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Diversity at the Oscars: The 2020 Race Isn’t Looking Any Better Than Last Time

#OscarsSoWhite may not trend on nomination morning, but Academy voters have limited options.





While a strong contender like “Parasite” does not need the Oscars to validate its place in history — it’s the first Korean film to receive the Palme d’Or, the highest-grossing foreign film of the year (topping the $20 million mark), the first Korean film to receive Golden Globes nominations, and so on.

The Oscars, however, may need “Parasite.” Inclusion sells, and Bong Joon Ho’s celebrated tale of class warfare would mark the first international Oscar nomination for a Korean movie. A 2015 Nielsen report found a direct correlation between Oscar nominee diversity in major categories and viewership. The more diverse the nominees, the larger the audience, and vice-versa. Given that ABC’s Oscar telecast generates a significant share of the Academy’s annual earnings, it’s crucial that the awards show maintains high ratings.

Of course, even the increasingly diverse Academy voters are at the mercy of their options. That’s why it’s imperative that executives with greenlight power ensure a more diverse and inclusive movie pipeline. That might be the only way that the Oscars will remain relevant in the future.

But how about now? Will #OscarsSoWhite trend in 2020? The lineup of contenders in major categories has the potential to match the level of diversity among nominees that the Academy has seen in recent years — but it’s unlikely to show any improvement over last season. Here’s a preview of the diversity picture in key categories.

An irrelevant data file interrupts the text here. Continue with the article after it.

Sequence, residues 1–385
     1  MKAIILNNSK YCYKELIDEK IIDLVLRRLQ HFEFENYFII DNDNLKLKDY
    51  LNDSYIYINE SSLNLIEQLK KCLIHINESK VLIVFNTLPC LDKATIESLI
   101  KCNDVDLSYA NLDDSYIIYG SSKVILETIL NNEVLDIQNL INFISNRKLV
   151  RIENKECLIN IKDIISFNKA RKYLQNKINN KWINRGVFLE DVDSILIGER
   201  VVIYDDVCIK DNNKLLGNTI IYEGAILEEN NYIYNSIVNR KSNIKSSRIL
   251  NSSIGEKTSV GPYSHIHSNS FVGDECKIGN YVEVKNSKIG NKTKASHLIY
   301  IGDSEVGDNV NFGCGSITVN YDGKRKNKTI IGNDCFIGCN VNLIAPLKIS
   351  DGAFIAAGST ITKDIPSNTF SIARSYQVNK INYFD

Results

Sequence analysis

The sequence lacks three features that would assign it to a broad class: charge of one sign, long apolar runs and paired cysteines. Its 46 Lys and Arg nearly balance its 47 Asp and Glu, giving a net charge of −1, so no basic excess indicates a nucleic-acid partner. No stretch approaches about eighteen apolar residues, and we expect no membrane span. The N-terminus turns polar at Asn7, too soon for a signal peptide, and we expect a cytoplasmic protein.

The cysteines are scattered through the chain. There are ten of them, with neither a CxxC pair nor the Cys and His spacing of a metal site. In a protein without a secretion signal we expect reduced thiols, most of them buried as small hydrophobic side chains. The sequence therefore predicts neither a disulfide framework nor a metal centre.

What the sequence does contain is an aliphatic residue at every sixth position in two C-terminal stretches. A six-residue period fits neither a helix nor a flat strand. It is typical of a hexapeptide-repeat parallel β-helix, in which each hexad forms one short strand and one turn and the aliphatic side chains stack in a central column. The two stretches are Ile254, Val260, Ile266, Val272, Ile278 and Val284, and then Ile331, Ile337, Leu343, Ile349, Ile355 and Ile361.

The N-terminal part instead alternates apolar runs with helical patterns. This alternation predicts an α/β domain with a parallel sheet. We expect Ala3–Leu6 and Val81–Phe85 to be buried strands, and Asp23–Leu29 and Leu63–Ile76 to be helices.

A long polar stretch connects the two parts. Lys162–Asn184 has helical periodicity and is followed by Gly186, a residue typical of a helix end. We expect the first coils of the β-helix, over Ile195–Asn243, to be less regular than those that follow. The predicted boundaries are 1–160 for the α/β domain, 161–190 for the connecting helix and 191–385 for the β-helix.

"The Farewell"

“The Farewell”


Best Picture

History: While “Green Book” raised the ire of many who thought it indulged in a “magical black man” trope,  last year’s Best Picture nominees were fairly diverse — a record five out of eight nominees centered on people of color (the Academy raised the number of eligible films from five to between five and 10 in 2009). 2020 doesn’t look like it can match that number: While films like “Harriet,” “Just Mercy,” “Clemency,” and “Queen & Slim” have all been introduced to awards season with plenty of hype, none of them are poised to capture a Best Picture nomination.

The experts say: Bong Joon Ho’s “Parasite” is a surefire bet. The dark comedy-thriller has received widespread critical acclaim, becoming the highest grossing Korean release in the U.S. ever. It was selected as the South Korean entry for Best International Feature Film, Bong’s second selection after 2009’s “Mother.”

Possible: There’s “The Farewell,” Lulu Wang’s family dramedy that screened in the U.S. Dramatic Competition section at the 2019 Sundance Film Festival, and was theatrically released in the United States by A24. Wang’s “Farewell” received near unanimous acclaim from critics, with praise for her screenplay and direction, as well as the performances of stars Awkwafina and Zhao Shuzhen, both also contenders.

Longshot: Netflix’s feel-good, inspirational Rudy Ray Moore biopic “Dolemite Is My Name” (Eddie Murphy’s “comeback” film) will need help. The streaming giant can probably count on “The Irishman” and “Marriage Story” picking up nominations. The odds of a single studio having three films nominated in a field of five to 10 aren’t historically high.

Dolemite Is My Name Eddie Murphy Netflix

“Dolemite Is My Name”


Best Director

History: Alfonso Cuarón won the Oscar last year for “Roma.” He and Spike Lee (“BlacKkKlansman”) were the only two directors of color nominated.

The experts say: Bong Joon Ho is once again a frontrunner, and will likely make the final cut for “Parasite.” It would be his first-ever Oscar nomination.